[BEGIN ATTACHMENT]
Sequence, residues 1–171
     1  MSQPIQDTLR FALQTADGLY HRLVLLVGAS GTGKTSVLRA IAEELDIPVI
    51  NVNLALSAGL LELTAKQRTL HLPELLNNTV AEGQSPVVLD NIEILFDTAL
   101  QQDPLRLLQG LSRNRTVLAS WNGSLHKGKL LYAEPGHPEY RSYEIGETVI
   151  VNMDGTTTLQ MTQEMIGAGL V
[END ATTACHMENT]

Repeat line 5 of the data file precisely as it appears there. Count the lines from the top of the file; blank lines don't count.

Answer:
   151  VNMDGTTTLQ MTQEMIGAGL V